Spanish perspective


Under the EU Flight Compensation Regulation,(1) member states are allowed to establish proceedings according to which national enforcement bodies (NEBs) can take administrative enforcement actions aimed at compelling airlines to pay compensation to passengers whenever the NEB decides that an individual complaint is well founded. This is what the European Court of Justice (CJEU) decided in its judgment of 29 September 2022,(2) in answering a request for a preliminary ruling relating to article 16 of the EU Flight Compensation Regulation.

The CJEU's judgment aligns with a prior judgment given on 17 March 2016,(3) but the CJEU seems to have gone one step further as regards NEBs' powers to compel airlines to pay compensation to passengers when hearing an individual complaint. While in its 2016 judgment the CJEU stated that member states were not obliged to empower NEBs to take enforcement actions to compel an air carrier to pay compensation to a passenger, in its 2022 judgment it states that member states have discretion to grant such powers. The CJEU also determines that this empowerment to NEBs is conditional upon the national laws allowing the passenger and the air carrier to bring proceedings to challenge the decisions made by NEBs before the courts.

Spanish perspective

A practical implication of this judgment is that member states are allowed to grant enforcement powers to their NEBs to compel airlines to pay compensation under article 7 of the EU Flight Compensation Regulation, even in the course of mediation or other alternative dispute resolution (ADR) procedures conducted by the NEB itself.

A new ADR proceeding for air passenger disputes was recently implemented in Spain by Ministerial Order TMA/201/2022 (for further details, see "New ADR proceeding aims to improve resolution of air passenger disputes"). Under the new ADR proceeding, the Spanish NEB (AESA) can hear and decide upon individual claims brought by passengers under the EU Flight Compensation Regulation (including cancellations, significant delays, boarding denials and schedule changes).

According to the Spanish ADR regulations, while passengers will be not bound by the AESA's decisions over their individual claims, airlines will be. Where the AESA determines that an air carrier must pay compensation to the complainant, the carrier will be still able to appeal the AESA's decision before the courts. However, regardless of the appeal, the airline is obliged to pay compensation to the passenger within one month of receipt of the AESA decision.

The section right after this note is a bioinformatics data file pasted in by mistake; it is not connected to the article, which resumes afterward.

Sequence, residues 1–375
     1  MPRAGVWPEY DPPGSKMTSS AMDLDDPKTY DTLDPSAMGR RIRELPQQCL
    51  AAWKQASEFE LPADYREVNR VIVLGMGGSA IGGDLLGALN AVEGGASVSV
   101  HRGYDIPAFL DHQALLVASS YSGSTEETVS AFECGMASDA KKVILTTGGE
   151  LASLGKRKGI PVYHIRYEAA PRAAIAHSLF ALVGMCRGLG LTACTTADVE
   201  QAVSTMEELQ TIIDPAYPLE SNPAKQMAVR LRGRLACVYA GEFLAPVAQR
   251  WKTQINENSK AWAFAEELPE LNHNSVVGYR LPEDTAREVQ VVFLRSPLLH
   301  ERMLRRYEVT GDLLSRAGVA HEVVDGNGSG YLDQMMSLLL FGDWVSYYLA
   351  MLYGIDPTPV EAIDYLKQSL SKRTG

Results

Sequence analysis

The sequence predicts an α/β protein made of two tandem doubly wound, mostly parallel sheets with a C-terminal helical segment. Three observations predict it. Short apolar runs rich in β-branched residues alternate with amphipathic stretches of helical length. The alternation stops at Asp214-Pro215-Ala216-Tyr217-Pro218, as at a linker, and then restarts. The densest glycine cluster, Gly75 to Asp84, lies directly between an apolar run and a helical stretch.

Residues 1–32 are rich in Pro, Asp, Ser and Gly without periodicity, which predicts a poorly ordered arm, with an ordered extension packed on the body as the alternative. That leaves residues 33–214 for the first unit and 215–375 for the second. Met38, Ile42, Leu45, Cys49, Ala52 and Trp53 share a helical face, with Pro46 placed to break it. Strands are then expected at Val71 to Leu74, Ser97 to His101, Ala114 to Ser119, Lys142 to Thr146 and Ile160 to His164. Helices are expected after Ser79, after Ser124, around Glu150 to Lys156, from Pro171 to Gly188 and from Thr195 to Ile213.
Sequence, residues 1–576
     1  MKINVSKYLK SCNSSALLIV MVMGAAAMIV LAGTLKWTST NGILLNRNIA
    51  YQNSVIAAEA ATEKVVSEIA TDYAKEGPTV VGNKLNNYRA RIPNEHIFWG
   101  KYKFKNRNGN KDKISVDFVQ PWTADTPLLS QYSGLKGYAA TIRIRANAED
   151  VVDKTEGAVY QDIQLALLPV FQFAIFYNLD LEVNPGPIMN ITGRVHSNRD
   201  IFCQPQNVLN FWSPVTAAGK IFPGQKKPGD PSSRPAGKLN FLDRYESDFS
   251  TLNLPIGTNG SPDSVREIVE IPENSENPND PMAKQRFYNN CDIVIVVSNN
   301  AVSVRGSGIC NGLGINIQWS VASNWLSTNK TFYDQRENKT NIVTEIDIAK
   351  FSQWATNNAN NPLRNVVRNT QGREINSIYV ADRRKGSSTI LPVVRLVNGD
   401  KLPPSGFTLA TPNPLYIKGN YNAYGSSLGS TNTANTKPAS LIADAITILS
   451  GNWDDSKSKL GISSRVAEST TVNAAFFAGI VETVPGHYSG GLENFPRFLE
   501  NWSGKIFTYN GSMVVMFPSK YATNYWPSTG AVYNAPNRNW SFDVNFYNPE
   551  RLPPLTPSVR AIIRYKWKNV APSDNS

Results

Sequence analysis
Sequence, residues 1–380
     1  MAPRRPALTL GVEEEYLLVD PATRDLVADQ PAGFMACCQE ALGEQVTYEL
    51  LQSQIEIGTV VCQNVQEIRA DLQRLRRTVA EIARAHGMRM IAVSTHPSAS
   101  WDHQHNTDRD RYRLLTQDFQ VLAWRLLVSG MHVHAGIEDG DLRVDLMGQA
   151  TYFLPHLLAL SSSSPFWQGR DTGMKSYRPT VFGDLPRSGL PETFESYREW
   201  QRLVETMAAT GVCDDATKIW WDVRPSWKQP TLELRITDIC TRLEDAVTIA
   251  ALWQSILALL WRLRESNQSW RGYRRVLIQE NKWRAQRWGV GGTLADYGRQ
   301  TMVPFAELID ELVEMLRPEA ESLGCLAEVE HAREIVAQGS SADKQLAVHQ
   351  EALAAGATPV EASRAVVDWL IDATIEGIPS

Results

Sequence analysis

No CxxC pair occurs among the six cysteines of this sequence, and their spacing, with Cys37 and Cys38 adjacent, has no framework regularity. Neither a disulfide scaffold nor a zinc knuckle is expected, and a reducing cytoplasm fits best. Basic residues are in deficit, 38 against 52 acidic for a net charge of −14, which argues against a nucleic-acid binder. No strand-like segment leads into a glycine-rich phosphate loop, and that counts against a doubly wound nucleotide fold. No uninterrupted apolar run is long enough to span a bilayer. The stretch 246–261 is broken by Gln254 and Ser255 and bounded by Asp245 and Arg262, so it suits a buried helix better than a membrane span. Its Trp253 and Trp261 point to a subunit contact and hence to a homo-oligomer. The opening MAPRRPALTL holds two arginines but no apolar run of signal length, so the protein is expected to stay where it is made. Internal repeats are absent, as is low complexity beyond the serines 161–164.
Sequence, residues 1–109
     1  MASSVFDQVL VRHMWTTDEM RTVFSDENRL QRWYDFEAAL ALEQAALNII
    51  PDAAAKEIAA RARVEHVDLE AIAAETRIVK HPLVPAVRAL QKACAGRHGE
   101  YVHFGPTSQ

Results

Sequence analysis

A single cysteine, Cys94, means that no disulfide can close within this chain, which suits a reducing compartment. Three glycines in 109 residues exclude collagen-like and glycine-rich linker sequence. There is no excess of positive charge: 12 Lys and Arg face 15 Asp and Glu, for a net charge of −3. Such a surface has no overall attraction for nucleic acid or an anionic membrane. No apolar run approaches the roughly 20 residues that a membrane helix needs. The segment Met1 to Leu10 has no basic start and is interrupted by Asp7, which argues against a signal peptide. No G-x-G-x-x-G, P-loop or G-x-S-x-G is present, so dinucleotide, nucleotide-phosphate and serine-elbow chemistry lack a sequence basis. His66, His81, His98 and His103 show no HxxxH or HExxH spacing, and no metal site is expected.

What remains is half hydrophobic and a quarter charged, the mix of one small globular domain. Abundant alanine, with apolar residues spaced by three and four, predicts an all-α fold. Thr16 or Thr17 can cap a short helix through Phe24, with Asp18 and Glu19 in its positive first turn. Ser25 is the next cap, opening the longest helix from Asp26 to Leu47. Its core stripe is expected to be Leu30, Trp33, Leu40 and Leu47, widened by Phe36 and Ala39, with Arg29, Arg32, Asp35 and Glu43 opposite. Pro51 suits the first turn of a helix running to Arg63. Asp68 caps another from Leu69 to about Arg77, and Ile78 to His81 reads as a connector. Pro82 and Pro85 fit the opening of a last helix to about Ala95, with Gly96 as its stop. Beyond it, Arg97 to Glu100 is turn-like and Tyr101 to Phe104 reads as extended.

To strengthen the position of the passenger, the new ADR provisions expressly state that the AESA's decisions are immediately enforceable through the courts. Additionally, failure to comply with an AESA decision may result in fines of between €4,500 and €70,000 for late or partial fulfillment, or between €70,001 and €250,000 in the case of total disregard of a compensation decision.

With this regulatory framework in mind, the recent CJEU judgment is concerning, because the Spanish government may be tempted to grant additional enforcement powers to the AESA to compel air carriers to pay compensation decided by the AESA itself. However, the CJEU also emphasises that air carriers should have the possibility of bringing a legal action before the competent national court.

Under the recently approved ADR regulations, this right to appeal before court is recognised. However, it is uncertain whether it provides airlines with an effective remedy before a court, because it will be not compulsory to formally sue the passenger in appeal, so the passenger will not need to appear before the court. Even if the passenger is summoned when airlines challenge an AESA decision, the regulation on the new ADR proceeding allows the passenger to choose not to appear. When coupled with the airline's obligation to pay compensation within 30 days from an AESA decision and the potential compulsory powers of AESA, this peculiarity casts some serious due process concerns on the effectiveness of court actions in appeals of AESA decisions. If the court reverses and rules in favour of the air carrier, the right to recover any payments already made to passengers might be in jeopardy when seeking enforcement of the judgment.


It is to be hoped that in practice, despite the rather unbalanced regulatory environment, an equitable balance will be found to provide adequate protection to all parties involved.

For further information on this topic please contact Belén Devesa de Travy at Augusta Abogados by telephone (+34 933 621 620) or email ([email protected]). The Augusta Abogados website can be accessed at


(1) Regulation (EC) 261/2004.

(2) C-597/20.

(3) C-145/15 & C-146/15.